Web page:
Jamestown 400th Anniversary commemorative coins went on sale on the U.S. Mint Web site at noon eastern time Jan. 10, 2007.
Pre-issue discount prices on the coins are $33 for the uncirculated silver dollar, $35 for the proof silver dollar, $220 for the uncirculated gold $5 and $230 for the proof gold $5.
A public ceremony was scheduled for Jan. 11 at Jamestown Settlement in Virginia to debut the coins. Mint Director Edmund C. Moy was to be joined by National Park Service Virginia Director Sandy Rives, Jamestown-Yorktown Foundation Executive Director Phil Emerson and Jamestown 2007 Executive Director Jeanne Zeidler at the event.
The ceremony was to be the first place in the nation where the collectible coins, available in both uncirculated and proof condition, could be purchased in person.
After Feb. 12, 2007, the prices will be $35 for the uncirculated silver dollar, $39 for the proof silver dollar, $245 for the uncirculated gold $5 and $255 for the proof gold $5.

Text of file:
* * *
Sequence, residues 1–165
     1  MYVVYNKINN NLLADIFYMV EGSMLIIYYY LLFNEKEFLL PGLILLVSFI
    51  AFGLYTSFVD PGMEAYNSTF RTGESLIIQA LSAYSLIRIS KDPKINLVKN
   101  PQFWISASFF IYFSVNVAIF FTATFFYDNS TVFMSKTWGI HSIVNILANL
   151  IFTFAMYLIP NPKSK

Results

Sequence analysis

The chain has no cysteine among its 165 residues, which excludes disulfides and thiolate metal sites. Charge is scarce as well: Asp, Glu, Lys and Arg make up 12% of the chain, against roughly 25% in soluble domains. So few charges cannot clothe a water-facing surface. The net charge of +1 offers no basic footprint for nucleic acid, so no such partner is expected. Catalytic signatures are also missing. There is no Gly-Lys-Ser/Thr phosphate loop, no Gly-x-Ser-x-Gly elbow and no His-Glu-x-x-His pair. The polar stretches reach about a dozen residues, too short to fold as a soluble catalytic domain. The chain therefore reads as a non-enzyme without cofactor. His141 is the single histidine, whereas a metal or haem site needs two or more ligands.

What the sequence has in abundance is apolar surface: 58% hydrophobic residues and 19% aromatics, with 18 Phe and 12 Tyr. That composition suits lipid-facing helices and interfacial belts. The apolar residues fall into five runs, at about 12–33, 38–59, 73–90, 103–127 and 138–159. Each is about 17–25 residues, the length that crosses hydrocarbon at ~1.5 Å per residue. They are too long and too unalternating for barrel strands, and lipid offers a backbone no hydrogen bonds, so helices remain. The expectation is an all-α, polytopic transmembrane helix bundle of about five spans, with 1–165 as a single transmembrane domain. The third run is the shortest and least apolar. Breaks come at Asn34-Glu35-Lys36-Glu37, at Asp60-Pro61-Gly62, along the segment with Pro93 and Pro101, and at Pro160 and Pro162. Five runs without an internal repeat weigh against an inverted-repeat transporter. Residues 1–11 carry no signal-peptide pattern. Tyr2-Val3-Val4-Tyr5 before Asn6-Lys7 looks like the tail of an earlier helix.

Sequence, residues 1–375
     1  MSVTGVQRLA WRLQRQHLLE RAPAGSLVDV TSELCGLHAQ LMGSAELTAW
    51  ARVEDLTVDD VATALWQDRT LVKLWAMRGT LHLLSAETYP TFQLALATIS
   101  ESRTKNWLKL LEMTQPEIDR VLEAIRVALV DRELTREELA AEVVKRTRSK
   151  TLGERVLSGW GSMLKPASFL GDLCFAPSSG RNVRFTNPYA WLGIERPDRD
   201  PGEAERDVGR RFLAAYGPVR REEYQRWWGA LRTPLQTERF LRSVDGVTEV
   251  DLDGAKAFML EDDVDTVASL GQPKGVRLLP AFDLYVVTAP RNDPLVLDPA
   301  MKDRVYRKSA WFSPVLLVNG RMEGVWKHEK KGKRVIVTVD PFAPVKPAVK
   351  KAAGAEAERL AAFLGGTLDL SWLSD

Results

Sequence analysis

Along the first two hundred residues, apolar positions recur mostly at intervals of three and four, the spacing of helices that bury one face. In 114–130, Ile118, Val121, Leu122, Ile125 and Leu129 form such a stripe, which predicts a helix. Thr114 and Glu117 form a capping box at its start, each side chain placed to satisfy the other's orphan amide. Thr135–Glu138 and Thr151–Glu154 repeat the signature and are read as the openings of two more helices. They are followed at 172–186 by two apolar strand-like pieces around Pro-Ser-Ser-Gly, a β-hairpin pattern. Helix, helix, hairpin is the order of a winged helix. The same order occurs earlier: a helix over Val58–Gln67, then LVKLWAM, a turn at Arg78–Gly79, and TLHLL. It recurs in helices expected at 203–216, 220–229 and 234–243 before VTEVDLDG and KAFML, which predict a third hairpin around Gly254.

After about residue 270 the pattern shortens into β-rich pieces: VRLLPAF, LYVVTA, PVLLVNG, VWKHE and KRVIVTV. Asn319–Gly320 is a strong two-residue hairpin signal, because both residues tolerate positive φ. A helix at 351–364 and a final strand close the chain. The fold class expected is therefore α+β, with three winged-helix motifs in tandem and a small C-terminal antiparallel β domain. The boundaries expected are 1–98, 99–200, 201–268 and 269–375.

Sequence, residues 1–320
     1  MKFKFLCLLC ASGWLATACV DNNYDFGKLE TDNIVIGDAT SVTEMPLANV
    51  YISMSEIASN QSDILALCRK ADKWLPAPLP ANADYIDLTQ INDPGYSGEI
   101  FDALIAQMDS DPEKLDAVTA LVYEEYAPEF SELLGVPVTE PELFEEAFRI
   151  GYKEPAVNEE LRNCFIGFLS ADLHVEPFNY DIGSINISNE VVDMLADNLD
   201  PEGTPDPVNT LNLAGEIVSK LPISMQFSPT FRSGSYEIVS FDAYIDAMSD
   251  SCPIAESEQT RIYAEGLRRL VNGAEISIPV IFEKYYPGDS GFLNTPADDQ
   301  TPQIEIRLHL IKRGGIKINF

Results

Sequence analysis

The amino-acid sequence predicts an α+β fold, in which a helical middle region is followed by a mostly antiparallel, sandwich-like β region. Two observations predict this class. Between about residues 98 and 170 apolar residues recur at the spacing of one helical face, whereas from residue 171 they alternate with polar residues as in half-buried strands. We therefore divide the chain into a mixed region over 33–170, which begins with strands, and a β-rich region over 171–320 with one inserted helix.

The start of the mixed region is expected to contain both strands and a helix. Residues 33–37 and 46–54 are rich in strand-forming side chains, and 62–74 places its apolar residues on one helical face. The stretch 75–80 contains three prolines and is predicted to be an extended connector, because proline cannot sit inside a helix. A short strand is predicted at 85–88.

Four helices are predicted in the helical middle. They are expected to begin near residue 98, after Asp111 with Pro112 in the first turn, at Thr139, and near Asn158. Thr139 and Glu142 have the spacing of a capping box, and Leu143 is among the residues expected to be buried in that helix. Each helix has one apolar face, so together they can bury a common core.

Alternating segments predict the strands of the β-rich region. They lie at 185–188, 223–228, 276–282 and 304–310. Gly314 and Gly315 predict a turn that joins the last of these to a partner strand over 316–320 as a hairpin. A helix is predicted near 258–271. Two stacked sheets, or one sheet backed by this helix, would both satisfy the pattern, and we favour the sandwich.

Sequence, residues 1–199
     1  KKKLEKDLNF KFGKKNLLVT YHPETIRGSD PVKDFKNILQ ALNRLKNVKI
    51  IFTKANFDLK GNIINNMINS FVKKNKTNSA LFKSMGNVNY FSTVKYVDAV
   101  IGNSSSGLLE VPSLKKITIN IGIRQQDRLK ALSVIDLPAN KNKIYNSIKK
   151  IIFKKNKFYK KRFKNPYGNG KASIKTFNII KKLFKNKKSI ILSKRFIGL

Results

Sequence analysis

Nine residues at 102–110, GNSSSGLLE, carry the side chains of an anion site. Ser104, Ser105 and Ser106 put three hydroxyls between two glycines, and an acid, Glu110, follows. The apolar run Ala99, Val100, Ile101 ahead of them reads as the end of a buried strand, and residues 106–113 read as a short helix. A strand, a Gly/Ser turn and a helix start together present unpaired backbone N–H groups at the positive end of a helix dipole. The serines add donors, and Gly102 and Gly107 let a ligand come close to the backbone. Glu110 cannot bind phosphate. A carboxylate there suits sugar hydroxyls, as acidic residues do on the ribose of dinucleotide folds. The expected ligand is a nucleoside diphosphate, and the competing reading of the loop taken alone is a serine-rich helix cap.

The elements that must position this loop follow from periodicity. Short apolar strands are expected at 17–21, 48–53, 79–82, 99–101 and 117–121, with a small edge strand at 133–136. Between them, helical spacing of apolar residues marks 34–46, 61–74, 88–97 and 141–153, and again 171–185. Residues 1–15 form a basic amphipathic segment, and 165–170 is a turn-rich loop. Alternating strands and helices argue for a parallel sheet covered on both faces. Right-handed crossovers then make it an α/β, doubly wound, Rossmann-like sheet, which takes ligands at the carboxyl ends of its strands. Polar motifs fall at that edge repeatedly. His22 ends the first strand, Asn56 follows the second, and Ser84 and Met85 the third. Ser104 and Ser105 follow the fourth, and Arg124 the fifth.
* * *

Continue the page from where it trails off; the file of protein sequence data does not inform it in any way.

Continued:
Maximum mintage for the silver dollars is 500,000 combined. Maximum for the $5 gold pieces is 100,000 combined of the proofs and uncirculateds.
The silver dollar obverse is titled ?Three Faces of Diversity,? representing the three cultures that came together in Jamestown. It was designed by Donna Weaver and engraved by Don Everhart.
The reverse features a depiction of three ships that brought the first settlers to Jamestown in 1607. Susan Gamble is the designer and Charles Vickers the engraver.
The $5 gold coin obverse features an image of Captain John Smith greeting an American Indian carrying a bag of corn. It was designed and engraved by John Mercanti.
The reverse features a current rendering of Jamestown Memorial Church, the only original remaining structure in Jamestown. The reverse was designed by Susan Gamble and engraved by Norm Nemeth.
According to the Mint, surcharges from the sale of the commemorative coins will help promote understanding, continue the preservation and improve the infrastructure of Jamestown.
For more information on the Jamestown commemorative coins, visit the Mint Web site at www.usmint.gov.